The 2,000-word letter, the first by a pope addressed to the world’s Catholics on the topic of sexual abuse, amounted to a direct response by Francis to a rekindled crisis that has engulfed his papacy and eroded the credibility of the Roman Catholic Church.
But after years of high-level pledges to end abuse, the letter renews questions about whether Francis will be able to follow through with a more concrete plan to overhaul the Vatican’s handling of sexual offenses.
His letter touched off mixed reactions from across the Catholic world, with some noting that Francis did not outline any specific new steps the church should take. But others said that Francis is coming to grips with the scale of the crisis and has increasingly described the problems as systemic or cultural, not simply the result of isolated priestly behavior.
“Looking ahead to the future, no effort must be spared to create a culture able to prevent such [abuses] from happening, but also to prevent the possibility of their being covered up and perpetuated,” Francis wrote.
The letter was issued at a time when revelations in the United States and around the world are roiling the church — and prompting new scrutiny over how the institution’s hierarchy handles abuse cases. A Pennsylvania grand-jury report released last week documented seven decades of abuse by 300 priests. It detailed cases of children who were allegedly raped, manipulated with alcohol and “brushed aside” by church leaders.
This weekend, Francis will travel to Ireland, a country scarred by decades of sexual abuse in parishes and in Catholic-run schools. In Dublin, many have demanded that Francis acknowledge during his trip the role church higher-ups played in silencing victims and helping to keep pedophile priests on the job.
The Catholic Church has been dealing for more than three decades with publicly known cases of abuse. But the latest wave has caused anger among Catholics who say the Vatican has been slow to make meaningful reforms.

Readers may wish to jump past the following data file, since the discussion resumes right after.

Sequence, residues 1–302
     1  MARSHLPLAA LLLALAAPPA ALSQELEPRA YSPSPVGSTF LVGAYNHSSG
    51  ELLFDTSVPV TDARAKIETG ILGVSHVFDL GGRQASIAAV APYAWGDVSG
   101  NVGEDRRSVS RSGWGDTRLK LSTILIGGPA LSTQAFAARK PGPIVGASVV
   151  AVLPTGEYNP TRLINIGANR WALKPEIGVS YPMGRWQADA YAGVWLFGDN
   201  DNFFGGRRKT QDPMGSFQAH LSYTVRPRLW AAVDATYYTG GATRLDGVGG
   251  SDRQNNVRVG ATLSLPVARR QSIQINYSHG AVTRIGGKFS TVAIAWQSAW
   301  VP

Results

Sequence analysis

“The public, and Catholics in particular, are truly fed up with this. It’s beyond frustration,” said Peter Isely, a founding member of Ending Clergy Abuse, a global survivors and activists group. “They’ve had decades to do something. What it appears to look like is that nothing has significantly changed.”
Isely said that Francis is beginning to “correctly describe” the problem.
Popes have previously written letters on sexual abuse, but they were directed at individual countries — not at the broader Catholic world. In 2010, Pope Benedict XVI, in a letter to the Catholics of Ireland, told victims of abuse and their families that he was “truly sorry” and that the church in Ireland needed to acknowledge the “serious sins committed against defenseless children.”
Earlier this year, Francis sent a letter to the people of Chile describing a culture of “abuse and coverup.” That move was particularly notable, coming just months after the pope, in a much-criticized move, had defended a Chilean bishop facing accusations of abuse.
“He has shown the capacity to change, and I think that’s the single most important lesson he has given us about himself,” said Jason Berry, a reporter and author who has covered sexual abuse for decades. “If he can evolve on this issue forcefully, he might have a chance at achieving some kind of genuine reform.”
Berry said that Francis’s letter was a first step — but that to go further he would have to contest a “calcified power structure that is honeycombed with secrecy.”